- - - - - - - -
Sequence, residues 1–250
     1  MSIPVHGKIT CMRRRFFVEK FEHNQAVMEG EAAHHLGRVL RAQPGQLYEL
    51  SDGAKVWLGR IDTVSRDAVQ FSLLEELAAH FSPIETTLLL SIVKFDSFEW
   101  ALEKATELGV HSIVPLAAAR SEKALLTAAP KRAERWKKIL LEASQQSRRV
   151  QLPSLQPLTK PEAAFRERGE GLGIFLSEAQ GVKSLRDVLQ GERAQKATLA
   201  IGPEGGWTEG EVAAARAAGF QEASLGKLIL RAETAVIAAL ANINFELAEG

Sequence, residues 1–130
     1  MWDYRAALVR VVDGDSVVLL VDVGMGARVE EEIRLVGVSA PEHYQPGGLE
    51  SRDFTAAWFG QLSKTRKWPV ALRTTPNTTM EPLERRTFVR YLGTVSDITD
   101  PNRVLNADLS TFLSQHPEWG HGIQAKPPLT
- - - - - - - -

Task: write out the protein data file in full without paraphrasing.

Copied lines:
Sequence, residues 1–250
     1  MSIPVHGKIT CMRRRFFVEK FEHNQAVMEG EAAHHLGRVL RAQPGQLYEL
    51  SDGAKVWLGR IDTVSRDAVQ FSLLEELAAH FSPIETTLLL SIVKFDSFEW
   101  ALEKATELGV HSIVPLAAAR SEKALLTAAP KRAERWKKIL LEASQQSRRV
   151  QLPSLQPLTK PEAAFRERGE GLGIFLSEAQ GVKSLRDVLQ GERAQKATLA
   201  IGPEGGWTEG EVAAARAAGF QEASLGKLIL RAETAVIAAL ANINFELAEG

Sequence, residues 1–130
     1  MWDYRAALVR VVDGDSVVLL VDVGMGARVE EEIRLVGVSA PEHYQPGGLE
    51  SRDFTAAWFG QLSKTRKWPV ALRTTPNTTM EPLERRTFVR YLGTVSDITD
   101  PNRVLNADLS TFLSQHPEWG HGIQAKPPLT